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Researchers Say Genistein Induces Cancer Cell Death By Targeting Copper

December 6, 2010: 10:23 AM EST

A study by U.S. and Indian scientists has found that the isoflavone genistein, found in soybeans, seems to hinder the growth of breast cancer cells because it moves copper from the cells. According to the researchers, copper transporters are over-expressed in breast and other cancer cells, which accounts for the accumulation of excess copper. They acknowledged that they do not yet understand why copper concentration in tumors is increased. But they hypothesized that copper may be important for expression of ceruloplasmin, a protein that seems to stimulate production of  tumor blood vessels. “We believe that such a mechanism explains the anticancer effect of genistein and also its preferential cytotoxicity towards cancer cells,” the researchers concluded.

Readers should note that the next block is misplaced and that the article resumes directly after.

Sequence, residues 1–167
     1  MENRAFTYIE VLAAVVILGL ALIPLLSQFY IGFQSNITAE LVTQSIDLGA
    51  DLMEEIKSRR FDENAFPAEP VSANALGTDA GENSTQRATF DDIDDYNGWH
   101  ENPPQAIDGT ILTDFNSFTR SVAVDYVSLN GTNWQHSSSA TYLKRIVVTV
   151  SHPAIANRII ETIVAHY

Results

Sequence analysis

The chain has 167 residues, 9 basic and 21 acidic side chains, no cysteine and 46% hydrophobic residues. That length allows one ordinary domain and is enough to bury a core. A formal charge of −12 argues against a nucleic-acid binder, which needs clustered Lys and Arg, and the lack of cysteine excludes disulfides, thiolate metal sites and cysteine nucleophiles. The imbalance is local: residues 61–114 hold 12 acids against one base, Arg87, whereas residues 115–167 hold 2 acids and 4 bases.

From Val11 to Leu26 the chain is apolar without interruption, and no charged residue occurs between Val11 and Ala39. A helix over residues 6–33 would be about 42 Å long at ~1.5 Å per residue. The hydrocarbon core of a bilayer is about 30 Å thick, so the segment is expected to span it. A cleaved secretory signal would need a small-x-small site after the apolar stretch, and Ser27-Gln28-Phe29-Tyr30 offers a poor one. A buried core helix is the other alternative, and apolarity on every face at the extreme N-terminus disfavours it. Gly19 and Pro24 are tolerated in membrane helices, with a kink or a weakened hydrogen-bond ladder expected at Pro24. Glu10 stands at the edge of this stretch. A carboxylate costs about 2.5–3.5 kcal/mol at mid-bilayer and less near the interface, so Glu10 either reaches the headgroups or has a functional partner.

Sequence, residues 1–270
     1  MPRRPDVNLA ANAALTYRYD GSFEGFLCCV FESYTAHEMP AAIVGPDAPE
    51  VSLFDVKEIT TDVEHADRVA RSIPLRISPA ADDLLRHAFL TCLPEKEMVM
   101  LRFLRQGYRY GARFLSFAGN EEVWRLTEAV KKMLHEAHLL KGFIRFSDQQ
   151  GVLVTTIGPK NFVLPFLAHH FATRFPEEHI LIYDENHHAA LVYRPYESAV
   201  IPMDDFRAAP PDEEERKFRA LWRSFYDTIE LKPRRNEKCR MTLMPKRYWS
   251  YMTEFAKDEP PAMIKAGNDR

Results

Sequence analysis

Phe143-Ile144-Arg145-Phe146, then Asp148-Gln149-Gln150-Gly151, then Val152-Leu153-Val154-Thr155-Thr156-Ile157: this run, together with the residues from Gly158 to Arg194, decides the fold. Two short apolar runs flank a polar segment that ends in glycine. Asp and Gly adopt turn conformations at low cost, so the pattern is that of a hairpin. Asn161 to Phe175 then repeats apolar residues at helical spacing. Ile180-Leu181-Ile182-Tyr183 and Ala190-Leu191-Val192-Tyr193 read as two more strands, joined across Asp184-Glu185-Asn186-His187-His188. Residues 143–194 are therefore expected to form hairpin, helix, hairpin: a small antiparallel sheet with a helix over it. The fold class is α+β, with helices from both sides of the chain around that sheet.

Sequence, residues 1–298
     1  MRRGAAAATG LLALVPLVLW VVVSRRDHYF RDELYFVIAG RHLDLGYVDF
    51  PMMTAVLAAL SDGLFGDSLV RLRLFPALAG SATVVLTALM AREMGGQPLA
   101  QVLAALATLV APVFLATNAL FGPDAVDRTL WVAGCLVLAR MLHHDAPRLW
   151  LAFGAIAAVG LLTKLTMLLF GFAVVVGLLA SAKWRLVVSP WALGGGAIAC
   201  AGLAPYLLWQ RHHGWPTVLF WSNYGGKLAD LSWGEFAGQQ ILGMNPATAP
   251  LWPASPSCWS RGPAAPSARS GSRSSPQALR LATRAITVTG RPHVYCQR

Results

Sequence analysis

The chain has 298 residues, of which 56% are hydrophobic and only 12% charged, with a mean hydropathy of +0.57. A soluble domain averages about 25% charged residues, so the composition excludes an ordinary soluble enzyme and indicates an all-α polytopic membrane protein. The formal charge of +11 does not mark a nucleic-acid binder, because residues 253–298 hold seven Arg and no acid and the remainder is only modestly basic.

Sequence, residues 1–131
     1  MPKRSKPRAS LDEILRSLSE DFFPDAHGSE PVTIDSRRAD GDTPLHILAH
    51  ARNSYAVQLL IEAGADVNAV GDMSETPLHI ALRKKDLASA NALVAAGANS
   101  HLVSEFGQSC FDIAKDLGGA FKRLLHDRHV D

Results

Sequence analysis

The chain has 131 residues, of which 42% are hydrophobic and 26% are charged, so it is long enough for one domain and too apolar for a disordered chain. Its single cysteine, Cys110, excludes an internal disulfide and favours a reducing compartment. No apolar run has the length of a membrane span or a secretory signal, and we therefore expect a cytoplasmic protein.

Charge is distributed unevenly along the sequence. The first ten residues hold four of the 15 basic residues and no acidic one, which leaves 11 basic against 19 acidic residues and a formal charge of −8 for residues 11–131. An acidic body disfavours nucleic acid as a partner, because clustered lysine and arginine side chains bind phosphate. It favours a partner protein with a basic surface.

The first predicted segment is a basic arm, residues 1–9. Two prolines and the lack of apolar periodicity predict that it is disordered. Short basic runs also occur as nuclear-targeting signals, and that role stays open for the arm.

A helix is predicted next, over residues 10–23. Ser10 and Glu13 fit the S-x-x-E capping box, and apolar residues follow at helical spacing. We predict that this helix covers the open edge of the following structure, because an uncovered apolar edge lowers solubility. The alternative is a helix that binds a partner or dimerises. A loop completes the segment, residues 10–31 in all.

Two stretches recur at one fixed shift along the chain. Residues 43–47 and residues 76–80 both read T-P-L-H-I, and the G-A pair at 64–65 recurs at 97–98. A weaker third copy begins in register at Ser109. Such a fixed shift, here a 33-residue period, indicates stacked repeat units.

Mohammad F. Ullah, et al. , "Soy isoflavone genistein induces cell death in breast cancer cells through mobilization of endogenous copper ions and generation of reactive oxygen species", Molecular Nutrition & Food Research, December 06, 2010, © WILEY-VCH Verlag GmbH
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